miRs are short single-stranded noncoding RNAs about 22 nucleotides in length. Mature miRs are generated from pre-miRs either 5′ arm or 3′ arm. The 5′ arm of the miRNA is designated miR-5p present in the forward (5'-3') position, while the 3′ arm is miR-3p located in the reverse position. Both are functional. Like protein-coding genes, regulation of miRs’ expression involves epigenetic mechanisms [31-33]. DNA hypermethylation at the promoter region leads to miR silencing [34, 35]. Histone modifications, including histone acetylation (ac) and methylation, affect gene transcription. For example, histone H3 lysine (K) 9ac, H3K14ac, and H3K4 trimethylation (me3) are often associated with gene activation, while H3K36me3 is associated with actively transcribed regions [36, 37]. Moreover, H3K9me3 and H3K27me3 are associated with gene silencing [36]. These histone marks are also vulnerable to early life insults [38, 39].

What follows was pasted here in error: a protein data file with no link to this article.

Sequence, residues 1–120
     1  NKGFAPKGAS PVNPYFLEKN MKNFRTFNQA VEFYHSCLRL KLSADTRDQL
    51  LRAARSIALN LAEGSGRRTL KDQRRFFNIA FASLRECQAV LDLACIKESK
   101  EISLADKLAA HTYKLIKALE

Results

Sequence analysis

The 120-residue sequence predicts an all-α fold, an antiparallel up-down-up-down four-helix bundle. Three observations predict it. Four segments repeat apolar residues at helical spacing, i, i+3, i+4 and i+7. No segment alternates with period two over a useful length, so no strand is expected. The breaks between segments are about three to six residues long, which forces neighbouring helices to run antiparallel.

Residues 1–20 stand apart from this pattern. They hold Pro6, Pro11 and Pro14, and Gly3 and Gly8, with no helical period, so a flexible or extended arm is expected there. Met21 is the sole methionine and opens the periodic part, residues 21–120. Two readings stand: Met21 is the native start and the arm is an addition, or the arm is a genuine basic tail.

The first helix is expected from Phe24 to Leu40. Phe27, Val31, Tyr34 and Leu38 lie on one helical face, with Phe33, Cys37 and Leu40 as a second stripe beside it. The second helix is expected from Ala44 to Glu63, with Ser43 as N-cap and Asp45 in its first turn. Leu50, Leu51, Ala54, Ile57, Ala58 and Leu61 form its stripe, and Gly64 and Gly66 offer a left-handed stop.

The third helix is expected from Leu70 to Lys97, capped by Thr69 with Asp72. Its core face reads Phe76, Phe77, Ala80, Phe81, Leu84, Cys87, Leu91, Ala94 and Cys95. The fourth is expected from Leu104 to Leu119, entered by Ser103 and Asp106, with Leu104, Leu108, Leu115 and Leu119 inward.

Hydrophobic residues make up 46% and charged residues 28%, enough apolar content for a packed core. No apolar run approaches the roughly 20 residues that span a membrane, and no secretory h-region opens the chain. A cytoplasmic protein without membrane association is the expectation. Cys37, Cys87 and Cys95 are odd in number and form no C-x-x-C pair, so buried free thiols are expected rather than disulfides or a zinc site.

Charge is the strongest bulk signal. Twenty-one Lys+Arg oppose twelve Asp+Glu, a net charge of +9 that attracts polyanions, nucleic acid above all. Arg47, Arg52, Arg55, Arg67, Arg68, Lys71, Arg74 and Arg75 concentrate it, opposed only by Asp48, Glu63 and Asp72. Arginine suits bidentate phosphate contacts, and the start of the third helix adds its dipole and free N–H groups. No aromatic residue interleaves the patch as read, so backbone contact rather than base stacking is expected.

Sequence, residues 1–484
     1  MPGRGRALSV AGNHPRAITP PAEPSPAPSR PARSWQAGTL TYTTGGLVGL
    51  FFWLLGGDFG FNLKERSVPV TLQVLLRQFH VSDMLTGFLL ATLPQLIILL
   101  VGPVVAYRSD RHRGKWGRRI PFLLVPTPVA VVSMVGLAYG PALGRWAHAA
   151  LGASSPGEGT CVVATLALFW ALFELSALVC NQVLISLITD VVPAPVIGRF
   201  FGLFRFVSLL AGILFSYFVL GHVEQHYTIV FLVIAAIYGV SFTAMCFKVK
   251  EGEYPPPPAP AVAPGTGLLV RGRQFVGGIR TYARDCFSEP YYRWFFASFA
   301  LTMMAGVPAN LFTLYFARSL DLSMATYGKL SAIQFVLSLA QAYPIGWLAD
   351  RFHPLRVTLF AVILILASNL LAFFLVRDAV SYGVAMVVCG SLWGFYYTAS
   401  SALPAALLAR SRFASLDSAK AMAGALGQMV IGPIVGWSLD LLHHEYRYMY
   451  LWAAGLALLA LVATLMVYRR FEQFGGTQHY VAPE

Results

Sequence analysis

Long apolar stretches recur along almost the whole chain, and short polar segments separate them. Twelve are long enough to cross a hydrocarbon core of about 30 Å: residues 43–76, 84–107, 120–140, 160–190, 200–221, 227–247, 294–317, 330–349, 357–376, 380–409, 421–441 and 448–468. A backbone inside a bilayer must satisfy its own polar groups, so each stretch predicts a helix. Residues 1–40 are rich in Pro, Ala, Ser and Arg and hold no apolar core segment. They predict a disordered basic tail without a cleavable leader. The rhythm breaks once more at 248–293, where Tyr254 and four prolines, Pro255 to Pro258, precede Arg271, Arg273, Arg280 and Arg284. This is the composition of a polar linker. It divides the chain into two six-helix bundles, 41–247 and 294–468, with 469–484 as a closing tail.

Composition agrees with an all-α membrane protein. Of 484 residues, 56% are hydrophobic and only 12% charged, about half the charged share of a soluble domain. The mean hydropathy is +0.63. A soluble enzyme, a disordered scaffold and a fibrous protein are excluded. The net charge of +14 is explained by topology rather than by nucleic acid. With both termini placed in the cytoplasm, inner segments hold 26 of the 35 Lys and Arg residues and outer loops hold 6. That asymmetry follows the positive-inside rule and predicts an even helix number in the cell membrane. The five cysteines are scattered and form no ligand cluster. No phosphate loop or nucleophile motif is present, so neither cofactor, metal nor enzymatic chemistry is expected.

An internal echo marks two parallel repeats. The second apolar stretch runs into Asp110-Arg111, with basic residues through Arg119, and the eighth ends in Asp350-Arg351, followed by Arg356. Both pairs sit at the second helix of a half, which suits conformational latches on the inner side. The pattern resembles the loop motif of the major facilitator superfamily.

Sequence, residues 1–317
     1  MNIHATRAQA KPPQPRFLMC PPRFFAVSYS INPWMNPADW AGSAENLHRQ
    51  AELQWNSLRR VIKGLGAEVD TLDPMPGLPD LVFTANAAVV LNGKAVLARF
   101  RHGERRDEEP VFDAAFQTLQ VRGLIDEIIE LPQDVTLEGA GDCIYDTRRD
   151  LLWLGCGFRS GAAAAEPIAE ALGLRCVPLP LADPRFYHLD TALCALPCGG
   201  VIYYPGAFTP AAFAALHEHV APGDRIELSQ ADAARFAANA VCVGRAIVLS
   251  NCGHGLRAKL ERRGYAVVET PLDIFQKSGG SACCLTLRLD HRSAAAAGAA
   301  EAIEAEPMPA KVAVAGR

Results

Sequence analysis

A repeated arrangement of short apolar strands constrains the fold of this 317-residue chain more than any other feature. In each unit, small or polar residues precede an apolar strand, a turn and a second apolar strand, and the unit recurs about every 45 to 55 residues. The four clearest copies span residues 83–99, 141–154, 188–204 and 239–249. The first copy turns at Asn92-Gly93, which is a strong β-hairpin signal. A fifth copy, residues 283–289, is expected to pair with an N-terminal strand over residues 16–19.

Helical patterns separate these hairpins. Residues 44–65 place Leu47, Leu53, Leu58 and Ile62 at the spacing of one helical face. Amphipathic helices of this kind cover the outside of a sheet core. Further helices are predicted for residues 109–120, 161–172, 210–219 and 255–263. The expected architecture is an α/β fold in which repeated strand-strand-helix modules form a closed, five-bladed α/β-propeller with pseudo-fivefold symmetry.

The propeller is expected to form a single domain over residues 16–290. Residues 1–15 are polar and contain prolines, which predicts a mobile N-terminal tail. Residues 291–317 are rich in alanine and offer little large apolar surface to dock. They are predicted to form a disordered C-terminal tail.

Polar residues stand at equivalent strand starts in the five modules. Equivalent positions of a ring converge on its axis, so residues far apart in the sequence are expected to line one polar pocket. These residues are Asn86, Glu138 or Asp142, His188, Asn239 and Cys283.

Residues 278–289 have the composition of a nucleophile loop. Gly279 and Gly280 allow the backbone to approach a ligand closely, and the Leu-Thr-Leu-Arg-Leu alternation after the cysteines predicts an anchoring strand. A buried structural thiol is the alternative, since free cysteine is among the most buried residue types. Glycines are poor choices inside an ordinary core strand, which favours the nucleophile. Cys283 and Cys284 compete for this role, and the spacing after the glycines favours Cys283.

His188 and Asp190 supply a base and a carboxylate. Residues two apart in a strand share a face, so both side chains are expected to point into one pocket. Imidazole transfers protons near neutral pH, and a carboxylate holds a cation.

However, the effects of AME on miRs’ expression and their epigenetic profile in the hippocampus are unknown. Understanding the effects of AME on hippocampal miRs’ expression may provide mechanistic insight into the regulation of hippocampal neurogenesis and subsequent cognitive impairment. We therefore hypothesized that AME would alter the expression of miRs in the hippocampus. We further hypothesized that changes in miRs’ expression would be associated with alterations in miR epigenetic patterns, decreased hippocampal neurogenesis, and decreased BDNF levels.

Animals